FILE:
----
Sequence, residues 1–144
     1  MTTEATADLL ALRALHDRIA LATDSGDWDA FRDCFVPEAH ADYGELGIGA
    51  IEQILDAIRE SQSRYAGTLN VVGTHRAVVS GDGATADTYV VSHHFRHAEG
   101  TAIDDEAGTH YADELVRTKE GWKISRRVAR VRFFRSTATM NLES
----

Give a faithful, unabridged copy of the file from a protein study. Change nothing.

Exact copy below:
Sequence, residues 1–144
     1  MTTEATADLL ALRALHDRIA LATDSGDWDA FRDCFVPEAH ADYGELGIGA
    51  IEQILDAIRE SQSRYAGTLN VVGTHRAVVS GDGATADTYV VSHHFRHAEG
   101  TAIDDEAGTH YADELVRTKE GWKISRRVAR VRFFRSTATM NLES